Cartographies of COVID-19: Our Unclear Path Forward

32. The enduring conceit of “hot-spots” of COVID-19 was floated long before the county of mortality exploded, but the path of infections could be predicted, as the incubation of the severe respiratory affliction had failed to be contained. If the maps of locations of people testing positive for COVID-19 in the United States that ran in the New York Times seemed like necessary counter-argument to the assurances Donald Trump south to provide the nation and the global markets, seeking to tame worries by assurances of testing, remedies in preparation or shown to be clinically effective, and security measures he had undertaken–lies that elevated the need for stark data visualizations that might better orient readers–even these data were often insufficient, constrained by few tests distributed, uneven counts, approximations, and the lack of a national testing system.

This image has an empty alt attribute; its file name is dot-density-april-9-mapbox-map.png
Hovermap of April 9, 2020/Mapbox

Increasingly, dot density maps adopted in the New York Times. Their metric, and their striking use of red, alerting us to the spread of disease that was challenging our attention, became a better default to map the extent of the pathogen’s diffusion able to reveal the contours of the crisis of viral transmission across expanse; late March hover maps suggested the distance of the disease from the nation as a whole.

If the databases of influenza mortality as a whole in 1999-2013, revealed a pronounced increase in morbidity, according to the Human Cause of Death Database, creating a striking rate of comorbidity for Covid-19.

This image has an empty alt attribute; its file name is recent-influenza-mortality-age-patterns-in-the-human-cause-of-death-database-demogblog.png
Human Mortality Classified as due to Influenza in United States across Age Groups, 1999-2013
Human Cause of Death Database (HCDD)

The danger that the infection posed to populations showed a widely ranging differences of mortality rates among those infected–a range that roughly mirrors senescence, and that reflects the distribution of mortality due to flu in recent years–although the pronounced jump in age coteries many misread as absolute, given the pronounced jump of mortality rates among the age group above eighty, a leap seen as more pronounced without noting percentages of COVID-19 infections.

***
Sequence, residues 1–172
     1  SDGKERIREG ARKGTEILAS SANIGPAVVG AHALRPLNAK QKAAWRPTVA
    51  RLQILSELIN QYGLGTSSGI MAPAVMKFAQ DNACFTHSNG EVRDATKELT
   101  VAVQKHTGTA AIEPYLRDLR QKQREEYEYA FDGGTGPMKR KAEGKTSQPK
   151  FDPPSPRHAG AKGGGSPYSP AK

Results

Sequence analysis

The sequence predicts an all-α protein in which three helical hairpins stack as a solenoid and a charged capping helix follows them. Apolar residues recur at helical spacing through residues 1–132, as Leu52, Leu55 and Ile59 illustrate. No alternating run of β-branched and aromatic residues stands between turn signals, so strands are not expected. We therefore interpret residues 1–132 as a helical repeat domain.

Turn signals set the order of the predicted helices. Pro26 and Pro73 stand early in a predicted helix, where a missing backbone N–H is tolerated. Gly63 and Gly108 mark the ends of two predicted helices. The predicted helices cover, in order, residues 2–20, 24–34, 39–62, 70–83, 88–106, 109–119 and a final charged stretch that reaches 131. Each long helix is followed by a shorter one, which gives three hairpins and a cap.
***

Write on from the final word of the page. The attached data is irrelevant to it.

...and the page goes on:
This image has an empty alt attribute; its file name is death-rate-covid-19-march-17.png

The reporting of the greater mortality among aging populations parallels the rates of death by senescence, if BBC was accused of inadvertently magnifying the danger to the elderly, as it sought to illustrate the pronounced differences of infected among those with compromised immunity systems, and the striking risks for those with cardiovascular diseases, whose increased mortality we don’t fully understand, as well as the risk of mortality posed for those with diabetes or respiratory conditions. The increased mortality elder cohorts faced for influenza is striking.

The pronounced rise in rates of mortality is not revealed in the crowded buffers of the peaks of the Times visualization, but the overcrowded space of infections was concretized in those new peaks and valleys, a striking snapshot of an unprecedented sudden spike in one week.

This image has an empty alt attribute; its file name is nyc-deaths-sudden-spike.png

Unlike most static images, the peaks break the calm of the radiating buffers of confirmed infections.

This image has an empty alt attribute; its file name is mabox-borders-infectsion-.png
This image has an empty alt attribute; its file name is march-31-coronavirus-rported-cases.png